Juvenile Idiopathic Arthritis (JIA)

Hala Etayari
JIA - Background
Juvenile idiopathic arthritis (JIA) is a group of heterogeneous diseases sharing the presence of chronic arthritis (arthritis for more than 6 weeks) developing before the 16th birthday, of unknown cause, after the exclusion of other causes of chronic arthritis.
Collectively, this group constitute the most common rheumatic condition in children.
The term JIA has replaced previous nomenclature including "Juvenile rheumatoid arthritis" used in U.S.A and "Juvenile chronic arthritis" used in Europe.
The original classification of JIA has been revised several times. The International League of Associations for Rheumatology (ILAR) developed the most recent classification system which describes seven categories of JIA (Table 1) in 2001, resulting in further clarification of the various subsets, correction of prior incongruence, and improvement in clinical utility to the rheumatologist. Also it provides an important framework for research in JIA as well as assisting with appropriate treatment and prediction of natural history.(1)

The principle of this classification is that all categories of JIA are mutually exclusive. This principle is reflected in the list of possible exclusions for each category:
a) A psoriasis or a history of psoriasis in the patient or first degree relative.
b) Arthritis in HLAB27 positive male beginning after the 6th birthday.
c) Ankylosing spondylitis, enthesitis related arthritis, sacroiliitis with inflammatory bowel disease, Reiter's syndrome, or acute anterior uveitis or history of one of these disorders in a first-degree relative.
d) The presence of IgM rheumatoid factor on at least 2 occasions at least 3 months apart.
e) The presence of systemic JIA manifestations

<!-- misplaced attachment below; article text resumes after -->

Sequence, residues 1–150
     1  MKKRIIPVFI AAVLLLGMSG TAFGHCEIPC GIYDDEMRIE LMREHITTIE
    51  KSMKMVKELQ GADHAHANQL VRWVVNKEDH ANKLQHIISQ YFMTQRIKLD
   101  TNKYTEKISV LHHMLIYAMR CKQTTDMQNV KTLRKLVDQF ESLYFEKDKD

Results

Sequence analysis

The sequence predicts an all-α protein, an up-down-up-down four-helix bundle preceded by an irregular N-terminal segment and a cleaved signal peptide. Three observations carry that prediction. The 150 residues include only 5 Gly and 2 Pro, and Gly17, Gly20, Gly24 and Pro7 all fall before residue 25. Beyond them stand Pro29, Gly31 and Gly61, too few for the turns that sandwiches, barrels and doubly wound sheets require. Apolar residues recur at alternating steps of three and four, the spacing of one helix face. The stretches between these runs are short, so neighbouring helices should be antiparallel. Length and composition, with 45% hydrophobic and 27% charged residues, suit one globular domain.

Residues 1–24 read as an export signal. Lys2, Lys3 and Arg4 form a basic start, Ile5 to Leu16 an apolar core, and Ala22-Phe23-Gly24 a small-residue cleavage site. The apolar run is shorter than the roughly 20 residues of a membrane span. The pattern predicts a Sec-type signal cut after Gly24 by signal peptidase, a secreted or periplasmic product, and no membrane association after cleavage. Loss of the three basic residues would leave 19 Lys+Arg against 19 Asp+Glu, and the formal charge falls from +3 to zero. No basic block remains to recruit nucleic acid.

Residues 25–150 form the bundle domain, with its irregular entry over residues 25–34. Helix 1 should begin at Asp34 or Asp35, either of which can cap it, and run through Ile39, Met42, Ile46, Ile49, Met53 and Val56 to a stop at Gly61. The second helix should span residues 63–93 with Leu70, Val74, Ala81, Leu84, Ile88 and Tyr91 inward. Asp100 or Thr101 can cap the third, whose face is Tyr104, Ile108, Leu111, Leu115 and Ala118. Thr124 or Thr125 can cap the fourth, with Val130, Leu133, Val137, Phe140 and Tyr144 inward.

Table 1: ILAR classification of JIA
Category Diagnostic criteria
Systemic arthritis (sJIA) Fever of at least 2 weeks duration (daily for at least 3 days) and arthritis in one or
more joints, plus one of the following:
• erythematous rash
• generalised lymph node enlargement
• hepatomegaly and/or splenomegaly
• serositis
Exclusions: a, b, c, d.
Oligoarthritis Arthritis affecting = four joints during the first 6 months of the disease. If after 6 months more than four joints are involved the term extended oligoarthritis is used
Exclusions: a, b, c, d, e.
Polyarthritis (rheumatoid factor negative)(seronegative) Arthritis affecting = five joints during the first 6 months of the disease with
rheumatoid factor negative
Exclusions: a, b, c, d, e.
Polyarthritis (rheumatoid factor positive)(seropositive) Arthritis affecting = five joints during the first 6 months of disease with
rheumatoid factor positive on at least two occasions at least 3 months apart
Exclusions: a, b, c, e.
Psoriatic arthritis (psJIA) Arthritis and psoriasis or arthritis and at least two of the following:
• dactylitis
• nail pitting or onycholysis
• psoriasis in a first degree relative
Exclusions: b, c, d, e.
Enthesitis related arthritis (ERA) Arthritis and enthesitis or arthritis or enthesitis with at least two of the following:
• presence/history of sacroiliac joint tenderness and/or inflammatory lumborsacral
pain and HLA-B27 positive
• onset of arthritis in a male over 6 years of age
• acute (symptomatic) anterior uveitis
• history of ankylosing spondylitis, enthesitis related arthritis, sacroiliitis with
inflammatory bowel disease or acute anterior uveitis in a first degree relative
Exclusions: a, d, e.
Undifferentiated arthritis Arthritis that fulfils criteria in no category or in two or more of the above categories

Juvenile Idiopathic Arthritis (JIA) Juvenile Idiopathic Arthritis (JIA) 5/11/2016
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